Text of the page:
05 Jul 3 Ways to Utilize Your Last Will and Testament
From appointing a legal guardian for your kids to naming a personal representative, creating a last will and testament enables you to cover a lot of ground when it comes to estate planning. Make sure you utilize your legal document to its fullest potential by using your last will and testament to do the following:
1. Name a legal guardian for minor children.
Use your last will and testament to its fullest potential and build on your plans by naming a legal guardian for your minor children. Part of parenting is making plans. From scheduling play dates to setting up college savings funds, you meticulously make plans to ensure your children are well cared for. You plan to be there for every milestone, but what if the unthinkable happens? Have you made plans for who will step in and raise your child if you’re gone? The best way to prepare for this situation is to designate a legal guardian. A legal guardian is a person who makes legal, medical, and financial decisions for a ward. You name a legal guardian in a last will and testament. By naming a legal guardian, you can ensure your child is always well cared for, even if your best laid plans fall through.
2. Distribute your assets.
Another way to utilize your last will and testament is to use the document to distribute your assets. Your last will is customizable, so you can work with your attorney to create a plan and distribute your estate as you like. There is one drawback to using your last will to distribute your assets, however. Since your will has to be filed in probate, it’s a public document. Anyone can access it and see who you gave what. If privacy is a concern for you and your heirs, creating a trust is the better route to go when distributing your assets since trust documents are private. If you’re keeping things simple and don’t have privacy concerns, your last will is a quick and efficient route to take.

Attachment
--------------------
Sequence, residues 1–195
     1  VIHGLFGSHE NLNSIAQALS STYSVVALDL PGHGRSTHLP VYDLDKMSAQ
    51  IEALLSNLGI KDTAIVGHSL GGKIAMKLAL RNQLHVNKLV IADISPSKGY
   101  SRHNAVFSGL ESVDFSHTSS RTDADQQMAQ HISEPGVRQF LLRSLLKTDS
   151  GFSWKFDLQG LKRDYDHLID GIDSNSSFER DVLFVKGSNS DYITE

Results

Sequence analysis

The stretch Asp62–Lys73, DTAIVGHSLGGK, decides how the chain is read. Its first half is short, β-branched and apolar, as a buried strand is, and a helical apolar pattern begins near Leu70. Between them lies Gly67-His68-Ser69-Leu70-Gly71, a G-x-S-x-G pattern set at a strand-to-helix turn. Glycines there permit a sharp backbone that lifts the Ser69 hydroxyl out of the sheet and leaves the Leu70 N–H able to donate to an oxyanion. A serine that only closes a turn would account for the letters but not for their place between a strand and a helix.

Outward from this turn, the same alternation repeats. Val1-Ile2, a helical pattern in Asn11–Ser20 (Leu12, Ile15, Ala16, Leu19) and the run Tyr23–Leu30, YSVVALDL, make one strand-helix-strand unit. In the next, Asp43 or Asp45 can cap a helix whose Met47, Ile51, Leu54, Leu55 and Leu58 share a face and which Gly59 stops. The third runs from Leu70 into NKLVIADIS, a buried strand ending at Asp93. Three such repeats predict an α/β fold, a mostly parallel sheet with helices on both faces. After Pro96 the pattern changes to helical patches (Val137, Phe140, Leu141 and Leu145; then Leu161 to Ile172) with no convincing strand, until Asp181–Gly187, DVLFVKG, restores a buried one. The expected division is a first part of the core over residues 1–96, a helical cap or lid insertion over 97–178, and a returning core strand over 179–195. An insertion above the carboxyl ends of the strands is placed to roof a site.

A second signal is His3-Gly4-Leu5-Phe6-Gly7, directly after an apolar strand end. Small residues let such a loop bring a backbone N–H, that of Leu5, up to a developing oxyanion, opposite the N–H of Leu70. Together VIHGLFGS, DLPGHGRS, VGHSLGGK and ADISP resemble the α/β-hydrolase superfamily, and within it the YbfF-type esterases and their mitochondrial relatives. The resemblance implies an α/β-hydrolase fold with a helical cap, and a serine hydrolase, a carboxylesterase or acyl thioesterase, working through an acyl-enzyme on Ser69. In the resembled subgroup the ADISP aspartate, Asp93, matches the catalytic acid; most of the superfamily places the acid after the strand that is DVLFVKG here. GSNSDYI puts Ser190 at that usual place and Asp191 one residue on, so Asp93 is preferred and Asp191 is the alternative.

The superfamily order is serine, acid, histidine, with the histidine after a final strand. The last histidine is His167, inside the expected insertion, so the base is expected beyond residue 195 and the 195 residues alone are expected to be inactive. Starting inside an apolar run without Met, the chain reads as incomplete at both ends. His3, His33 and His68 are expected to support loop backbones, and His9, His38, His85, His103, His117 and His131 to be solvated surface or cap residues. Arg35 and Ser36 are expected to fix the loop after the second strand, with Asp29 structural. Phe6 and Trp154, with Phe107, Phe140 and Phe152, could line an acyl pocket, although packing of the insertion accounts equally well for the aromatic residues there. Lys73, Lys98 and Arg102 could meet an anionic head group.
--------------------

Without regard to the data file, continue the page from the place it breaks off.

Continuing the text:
3. Name a personal representative.
Finally, you can use your last will and testament to name a personal representative. A personal representative, known as an executor in other states, is an individual you appoint to settle your estate when you die. Your representative completes a variety of tasks to settle your estate. These tasks include paying off debts and collecting, protecting, and distributing your assets. Selecting a trusted individual is the key to ensuring your estate is settled smoothly. By naming your personal representative in your last will, you can guarantee you have the right person for the job. If you don’t name a representative yourself, the court will appoint one for you. The court may appoint a candidate that you would’ve considered less than ideal. For this reason, it’s best to utilize your last will and testament and take care of the appointment yourself.
How can Boyum Law Firm help you?
Boyum Law Firm can help you with your estate planning, Medicaid planning, and probate law needs. To contact Boyum Law Firm, click here.